Ultima Online is 20 Years Old, and Heeeeerrrre Come the Memories!
I received Ultima Online unexpectedly as a Christmas present in 1998. My brother recommended it to my parents as something that he thought I would like.
He didn’t know what he was getting me into.
Ultima Online was one of the first massively multiplayer online role-playing games, taking the lore and settings of Richard Garriott’s Ultima series and adapting it to massive online play. At the time, I was a regular online player of Diablo, Quake, and Starcraft. Competitively speaking, I wasn’t very good at any of them, and our not-great-even-for-a-rural-area internet connection further handicapped my play. Nevertheless, online gaming was a new and exciting experience, and I was having a blast playing over the internet with friends and strangers alike, even the ones whose usernames were just mashups of profanities and pot references. Well, except when I would get killed by cheaters in Diablo. That wasn’t fun, but there was only so much you could do about that. It was the frontier days of online gaming, with no checks in place to fight the outlaws, and minimal punishment for those who did not play by the rules.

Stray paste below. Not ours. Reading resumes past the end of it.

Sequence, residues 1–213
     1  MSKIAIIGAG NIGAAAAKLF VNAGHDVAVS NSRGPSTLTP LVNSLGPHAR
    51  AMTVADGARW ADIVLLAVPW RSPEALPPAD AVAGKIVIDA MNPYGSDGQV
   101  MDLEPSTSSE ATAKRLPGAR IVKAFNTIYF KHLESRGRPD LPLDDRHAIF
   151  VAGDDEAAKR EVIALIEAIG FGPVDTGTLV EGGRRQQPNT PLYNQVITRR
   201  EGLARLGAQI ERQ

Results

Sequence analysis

Ultima Online was a deep dive into an even more robust, immersive online gaming experience: a persistent online world with its own evolving culture and economy. It was exciting, if not a little intimidating, to step into a game world that never stopped, even when you logged out. Adventures were had, business transactions made, towns were overrun by skeletons, and so on, all while your character slept peacefully in the inn as you lived your real life, logged out of the game. Instead of being the core figure in a grand, world-sweeping adventure, I was but one of thousands of players, all inhabiting the same world at the same time, all with their own goals, schedules, skillsets, and more. It was a completely different dynamic from any other RPG I had played.